NASA just doubled an effort to track dangerous asteroids — should you be worried?
Don’t look up!
According to Don’t Look Up!, dangerous asteroids can come from anywhere. So there was an obvious weakness in our asteroid defense system when only one of the hemispheres was covered by telescopes that constantly scan the sky. That was the case until recently — thanks to the expansion of the Asteroid Terrestrial-impact Last Alert System (ATLAS) system into the southern hemisphere.
ATLAS, funded by NASA and run by the University of Hawai’i, was originally just two telescopes set up on Haleakalā and Maunaloa, two separate parts of Hawai’i. After becoming fully operational in 2017, the system was able to scan the sky every 24 hours, barring any cloud cover, to watch for any potential moving asteroids. But from their vantage point, they could only scan half of the sky.
NASA funded two more telescopes in the southern hemisphere to rectify that problem — one located in South Africa and one in Chile. The one in South Africa was contracted to the South African Astronomical Observatory, while the Chilean telescope was supported by a public-private consortium that included the Millennium Institute for Astrophysics and Obstech, a company that runs a private observatory.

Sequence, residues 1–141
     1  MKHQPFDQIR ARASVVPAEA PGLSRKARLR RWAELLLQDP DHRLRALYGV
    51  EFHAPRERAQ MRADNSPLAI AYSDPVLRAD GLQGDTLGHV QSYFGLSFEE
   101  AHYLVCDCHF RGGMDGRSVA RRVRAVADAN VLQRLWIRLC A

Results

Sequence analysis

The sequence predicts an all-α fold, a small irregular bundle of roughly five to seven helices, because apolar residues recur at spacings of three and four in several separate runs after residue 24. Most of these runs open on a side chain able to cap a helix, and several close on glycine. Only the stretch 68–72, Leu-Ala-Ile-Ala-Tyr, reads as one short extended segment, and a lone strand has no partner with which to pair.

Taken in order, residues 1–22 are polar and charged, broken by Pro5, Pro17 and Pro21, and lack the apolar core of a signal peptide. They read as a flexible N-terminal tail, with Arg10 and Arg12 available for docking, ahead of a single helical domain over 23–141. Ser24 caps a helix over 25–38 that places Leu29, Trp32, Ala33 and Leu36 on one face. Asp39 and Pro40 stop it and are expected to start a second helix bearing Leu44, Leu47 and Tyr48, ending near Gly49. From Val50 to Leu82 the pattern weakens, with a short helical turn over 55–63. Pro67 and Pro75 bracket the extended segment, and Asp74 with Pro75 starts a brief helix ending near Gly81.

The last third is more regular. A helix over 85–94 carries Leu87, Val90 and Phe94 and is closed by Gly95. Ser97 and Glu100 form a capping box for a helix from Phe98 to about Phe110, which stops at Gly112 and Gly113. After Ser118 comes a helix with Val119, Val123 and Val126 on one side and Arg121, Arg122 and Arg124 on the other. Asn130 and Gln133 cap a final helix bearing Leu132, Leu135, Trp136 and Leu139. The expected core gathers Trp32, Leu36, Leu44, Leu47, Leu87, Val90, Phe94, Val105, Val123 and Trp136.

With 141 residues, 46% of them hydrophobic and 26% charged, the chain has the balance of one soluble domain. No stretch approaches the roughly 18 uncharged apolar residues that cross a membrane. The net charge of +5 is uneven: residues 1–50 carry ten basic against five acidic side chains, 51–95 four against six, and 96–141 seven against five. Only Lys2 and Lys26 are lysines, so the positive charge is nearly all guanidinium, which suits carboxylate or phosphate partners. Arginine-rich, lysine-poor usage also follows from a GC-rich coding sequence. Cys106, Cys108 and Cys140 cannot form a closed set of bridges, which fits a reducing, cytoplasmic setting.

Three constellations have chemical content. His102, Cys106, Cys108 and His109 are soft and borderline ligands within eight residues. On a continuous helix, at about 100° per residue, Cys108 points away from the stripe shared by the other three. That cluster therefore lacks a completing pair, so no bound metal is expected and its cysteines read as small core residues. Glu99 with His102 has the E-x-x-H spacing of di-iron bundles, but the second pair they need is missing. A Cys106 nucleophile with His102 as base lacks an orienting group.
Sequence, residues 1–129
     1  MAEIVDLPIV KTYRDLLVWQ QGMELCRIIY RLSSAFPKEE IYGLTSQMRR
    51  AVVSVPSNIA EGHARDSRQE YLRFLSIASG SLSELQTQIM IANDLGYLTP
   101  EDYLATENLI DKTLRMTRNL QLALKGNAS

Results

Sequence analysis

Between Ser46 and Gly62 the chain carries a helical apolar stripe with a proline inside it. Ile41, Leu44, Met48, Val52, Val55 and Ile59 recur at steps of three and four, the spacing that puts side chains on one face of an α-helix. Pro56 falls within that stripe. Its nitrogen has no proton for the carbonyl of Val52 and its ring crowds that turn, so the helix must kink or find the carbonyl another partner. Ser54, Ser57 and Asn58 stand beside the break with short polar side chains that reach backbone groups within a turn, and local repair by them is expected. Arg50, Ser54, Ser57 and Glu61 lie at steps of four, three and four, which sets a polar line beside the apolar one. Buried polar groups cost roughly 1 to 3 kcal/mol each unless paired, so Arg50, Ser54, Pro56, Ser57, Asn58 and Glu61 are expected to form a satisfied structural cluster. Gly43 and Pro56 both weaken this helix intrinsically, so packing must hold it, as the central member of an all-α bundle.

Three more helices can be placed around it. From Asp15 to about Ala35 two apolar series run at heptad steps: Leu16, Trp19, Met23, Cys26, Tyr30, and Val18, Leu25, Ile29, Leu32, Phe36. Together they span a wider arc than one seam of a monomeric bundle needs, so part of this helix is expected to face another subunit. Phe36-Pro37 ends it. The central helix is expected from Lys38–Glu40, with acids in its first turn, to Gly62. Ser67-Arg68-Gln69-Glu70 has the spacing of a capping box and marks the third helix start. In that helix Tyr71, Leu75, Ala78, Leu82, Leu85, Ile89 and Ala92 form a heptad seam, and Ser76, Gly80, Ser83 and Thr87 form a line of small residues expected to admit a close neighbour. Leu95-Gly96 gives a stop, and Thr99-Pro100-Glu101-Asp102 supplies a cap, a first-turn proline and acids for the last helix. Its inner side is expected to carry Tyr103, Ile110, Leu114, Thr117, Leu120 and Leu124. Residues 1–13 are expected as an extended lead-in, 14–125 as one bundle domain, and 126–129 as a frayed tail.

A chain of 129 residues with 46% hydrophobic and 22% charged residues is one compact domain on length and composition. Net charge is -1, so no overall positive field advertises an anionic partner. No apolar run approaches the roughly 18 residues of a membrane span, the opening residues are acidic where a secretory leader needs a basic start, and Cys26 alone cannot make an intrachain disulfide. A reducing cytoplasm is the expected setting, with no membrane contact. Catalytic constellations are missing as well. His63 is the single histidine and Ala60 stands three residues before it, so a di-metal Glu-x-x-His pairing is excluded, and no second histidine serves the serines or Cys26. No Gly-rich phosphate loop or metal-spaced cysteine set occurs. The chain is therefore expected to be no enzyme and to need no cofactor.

The Covid-19 pandemic slowed down the installation process and bungled up some supply chains, but recently both telescopes achieved first light. Importantly, they did so at different times of the day, allowing observes located in Hawai’i to remotely monitor the dark sky over South Africa and Chile during the daytime on their island.
Those observations have already been a success, with the South African observatory identifying its first Near-Earth Object on January 22. 2022 BK, as it is now known, is a 100-meter asteroid that poses no threat to Earth. However, asteroids of a similar size could potentially wipe out an entire region if they impact the planet. ATLAS would be capable of providing about three weeks warning of an asteroid large enough to cause such devastation. Even for smaller asteroids, such as a 20-meter asteroid that could wipe out a city, it was capable of providing at least 24 hours’ notice.
While that might not seem like a lot of time, it is the best system so far for providing such detections. However, it does work with other systems, such as Pan-STARRS and the Catalina Sky Survey, to fully understand what hazardous asteroids may be in the area. Humanity could use all the help it could get in that regard.
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